Python maps mouse movements on an LED matrix

[Vinod Stanur] is working with a mouse input and a microcontroller driven LED matrix. The mouse cursor is tracked inside of a window by Python and the resulting coordinates on the LED grid are illuminated. He calls it an LED matrix “Paint Toy” because one of the features he’s included lets the user create pixel art like in MS Paint.

The 10×8 grid of lights is controlled by a PIC 16F877A. This display orientation is perfect for the 8-bit controller, which uses an array of ten bytes to keep track of the pixel data. A computer running his Python application (which uses the Pygame module to track the mouse movements) communicates with the display board via an RF connection. Five bytes plus a stop character make up the communication packet. The first two bytes contain the coordinates of the cursor, the other three bytes contain mouse button status.

As you can see in the demo after the break, the system is very responsive. The mouse can be moved quickly without latency issues, and if the cursor leaves the tracking window it gets picked up right away when it re-enters.

Continue reading “Python maps mouse movements on an LED matrix”

PIC-based voice recorder

[Vinod] just finished building a voice recorder and it turned out even better than he thought it would. The video after the break shows him recording what is surely one of your favorite songs from his cellphone and then playing it back. The audio quality does sound quite good for a project with very few components.

A PIC 16F877A makes up the majority of the build. Its ADC is used to capture the incoming line from an amplified microphone input (you’ll find that amp schematic half way through his post). He’s storing the data on an MMC card, which was a bit of a hack since the PIC has limited RAM to manage that overhead. The stored data is in a raw format, as the card is not accessed using a file system. This makes it easy to record at a high bit rate, leading to better audio quality. Playback consists of connecting a speaker via a low-pass filter and amplifier circuit to the hardware PWM output on the PIC.

Continue reading “PIC-based voice recorder”

In-dash motorcycle display

[Muth] added an auxiliary display to his motorcycle instrument panel. He started out prototyping with a PIC 16F877A which he used to access information through the ECM diagnostic connection. Once he had that working he found this tiny display which fits perfectly between the speedometer and tachometer. There’s a short demo after the break where you can see a past-30-minute history of the Adaptive Fuel Value and the engine temperature as well as a secondary information screen.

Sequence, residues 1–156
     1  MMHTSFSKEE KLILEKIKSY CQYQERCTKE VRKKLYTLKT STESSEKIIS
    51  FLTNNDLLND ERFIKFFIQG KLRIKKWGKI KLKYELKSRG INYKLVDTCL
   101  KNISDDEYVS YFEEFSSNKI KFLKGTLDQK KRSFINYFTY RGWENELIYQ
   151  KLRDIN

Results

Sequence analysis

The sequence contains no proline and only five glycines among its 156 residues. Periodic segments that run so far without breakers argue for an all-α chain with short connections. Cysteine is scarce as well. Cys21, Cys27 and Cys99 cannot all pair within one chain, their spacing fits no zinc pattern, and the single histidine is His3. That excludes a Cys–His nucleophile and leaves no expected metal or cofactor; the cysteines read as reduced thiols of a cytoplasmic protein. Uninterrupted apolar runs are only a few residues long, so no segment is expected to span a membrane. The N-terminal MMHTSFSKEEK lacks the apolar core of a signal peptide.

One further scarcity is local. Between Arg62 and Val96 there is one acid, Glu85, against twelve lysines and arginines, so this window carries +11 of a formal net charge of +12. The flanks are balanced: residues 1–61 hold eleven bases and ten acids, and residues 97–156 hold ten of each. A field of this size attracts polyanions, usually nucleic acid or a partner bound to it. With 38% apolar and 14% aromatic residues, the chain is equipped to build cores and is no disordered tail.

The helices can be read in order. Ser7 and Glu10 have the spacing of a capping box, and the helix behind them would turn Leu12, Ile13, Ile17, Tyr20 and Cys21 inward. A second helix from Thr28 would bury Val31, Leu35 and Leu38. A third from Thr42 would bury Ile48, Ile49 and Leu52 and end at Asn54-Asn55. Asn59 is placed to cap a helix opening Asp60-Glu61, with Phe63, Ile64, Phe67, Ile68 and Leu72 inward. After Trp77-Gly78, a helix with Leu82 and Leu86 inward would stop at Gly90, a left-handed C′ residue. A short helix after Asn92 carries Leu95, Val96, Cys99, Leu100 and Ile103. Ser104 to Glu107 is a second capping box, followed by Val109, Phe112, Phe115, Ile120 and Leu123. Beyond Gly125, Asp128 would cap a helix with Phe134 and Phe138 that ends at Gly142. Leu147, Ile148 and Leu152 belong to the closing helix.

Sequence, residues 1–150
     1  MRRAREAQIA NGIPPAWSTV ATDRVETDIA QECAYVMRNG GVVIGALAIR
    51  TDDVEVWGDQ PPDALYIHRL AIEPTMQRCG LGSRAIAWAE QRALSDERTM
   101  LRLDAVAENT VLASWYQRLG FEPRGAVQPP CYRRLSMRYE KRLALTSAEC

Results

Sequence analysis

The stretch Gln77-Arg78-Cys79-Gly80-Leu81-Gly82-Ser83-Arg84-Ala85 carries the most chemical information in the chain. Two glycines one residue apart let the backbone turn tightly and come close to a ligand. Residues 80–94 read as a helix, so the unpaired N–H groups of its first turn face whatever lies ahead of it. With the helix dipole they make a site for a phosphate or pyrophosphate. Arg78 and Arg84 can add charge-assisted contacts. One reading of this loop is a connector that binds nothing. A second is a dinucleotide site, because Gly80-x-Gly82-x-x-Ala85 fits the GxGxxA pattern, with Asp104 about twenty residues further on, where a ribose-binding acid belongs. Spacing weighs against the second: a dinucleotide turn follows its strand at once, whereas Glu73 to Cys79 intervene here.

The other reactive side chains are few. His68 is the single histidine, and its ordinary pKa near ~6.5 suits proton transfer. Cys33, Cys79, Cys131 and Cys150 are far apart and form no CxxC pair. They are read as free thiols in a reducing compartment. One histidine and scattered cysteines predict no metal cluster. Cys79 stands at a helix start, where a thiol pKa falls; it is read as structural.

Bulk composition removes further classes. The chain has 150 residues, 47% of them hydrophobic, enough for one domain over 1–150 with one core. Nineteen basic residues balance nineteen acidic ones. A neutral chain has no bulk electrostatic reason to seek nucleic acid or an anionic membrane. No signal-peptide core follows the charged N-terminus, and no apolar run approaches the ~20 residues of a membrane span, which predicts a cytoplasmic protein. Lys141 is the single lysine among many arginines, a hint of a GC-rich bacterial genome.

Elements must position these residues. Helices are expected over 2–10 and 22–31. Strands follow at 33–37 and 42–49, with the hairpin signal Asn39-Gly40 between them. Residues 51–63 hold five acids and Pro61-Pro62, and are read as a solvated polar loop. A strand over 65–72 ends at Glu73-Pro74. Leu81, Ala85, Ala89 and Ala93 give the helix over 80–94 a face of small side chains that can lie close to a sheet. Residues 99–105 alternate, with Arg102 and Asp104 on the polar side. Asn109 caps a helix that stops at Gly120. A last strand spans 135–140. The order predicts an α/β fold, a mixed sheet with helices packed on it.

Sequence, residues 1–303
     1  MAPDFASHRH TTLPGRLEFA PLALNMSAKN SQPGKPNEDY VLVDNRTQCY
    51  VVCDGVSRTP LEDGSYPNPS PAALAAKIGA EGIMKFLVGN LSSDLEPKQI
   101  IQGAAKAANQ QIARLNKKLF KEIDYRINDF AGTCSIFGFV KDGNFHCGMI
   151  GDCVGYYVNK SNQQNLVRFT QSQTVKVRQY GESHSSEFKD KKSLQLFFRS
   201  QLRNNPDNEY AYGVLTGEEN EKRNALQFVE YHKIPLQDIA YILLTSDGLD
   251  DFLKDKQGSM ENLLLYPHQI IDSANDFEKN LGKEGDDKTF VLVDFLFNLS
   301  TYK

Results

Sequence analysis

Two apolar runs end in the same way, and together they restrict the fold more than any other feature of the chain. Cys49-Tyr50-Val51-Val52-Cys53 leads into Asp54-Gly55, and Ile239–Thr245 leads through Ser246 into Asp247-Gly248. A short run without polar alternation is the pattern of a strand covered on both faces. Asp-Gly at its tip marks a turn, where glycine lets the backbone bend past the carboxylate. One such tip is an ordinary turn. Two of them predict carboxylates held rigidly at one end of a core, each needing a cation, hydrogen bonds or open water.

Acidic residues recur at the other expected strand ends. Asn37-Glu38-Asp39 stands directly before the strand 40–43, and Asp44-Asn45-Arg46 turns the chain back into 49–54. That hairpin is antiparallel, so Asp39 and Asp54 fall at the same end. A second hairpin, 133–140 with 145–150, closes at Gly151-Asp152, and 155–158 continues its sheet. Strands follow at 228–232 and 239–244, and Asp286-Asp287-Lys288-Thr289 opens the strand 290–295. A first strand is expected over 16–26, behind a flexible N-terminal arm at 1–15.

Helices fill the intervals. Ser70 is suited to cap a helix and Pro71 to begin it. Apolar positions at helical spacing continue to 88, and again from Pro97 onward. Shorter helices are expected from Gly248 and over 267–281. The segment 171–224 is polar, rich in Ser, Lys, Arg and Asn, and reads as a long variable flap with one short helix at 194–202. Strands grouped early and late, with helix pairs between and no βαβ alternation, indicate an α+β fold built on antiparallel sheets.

This is another nice addition to our collection of vehicle displays, scooter controllers, gear indicators, and motorcycle computers.

Continue reading “In-dash motorcycle display”

Links expanded: Snake on LED matrix

[Yosh] came through with a link to the Snake playing LED matrix that he read about in our links post from yesterday. It seems that [Arty Fart] actually built three of these in green, yellow, and red. You can see him throw one together (an 8-10 hour job) in the video after the break. In addition to playing Snake the PIC 16F877A can also scroll messages, play a mean game of Tetris, and show a Pong screen saver on the 144 LED display. We love the clean build and the urge to make another LED matrix is becoming irresistible.

Now off to eBay for a good deal on a bulk LED order. Continue reading “Links expanded: Snake on LED matrix”

Polycarbonate fish uses three servos to swim


[Amnon] is learning the hard way that water and electronics don’t always like to play nicely together. He’s been working on creating a swimming fish that uses three servos to flex a sheet of fish-shaped polycarbonate. This photo doesn’t really do the project justice but you can get a better idea of what he’s accomplished by watching the videos after the break.

The three servos along with some distance sensors for obstacle avoidance are all controlled by a PIC 16F877A microcontroller. [Amnon] tried out three different waterproofing methods; coating the device in varnish, dipping it in hot glue, and dipping it in epoxy. The first two resulted in water damage to the electronics, but the third managed to work. It kept the water out, but also prevents reprogramming of the controller.

Although not successful, we would have loved to see the process of dipping the fish in a churning vat of molten glue. Once perfected, this may be the perfect platform for carrying our weapons of doom.

Continue reading “Polycarbonate fish uses three servos to swim”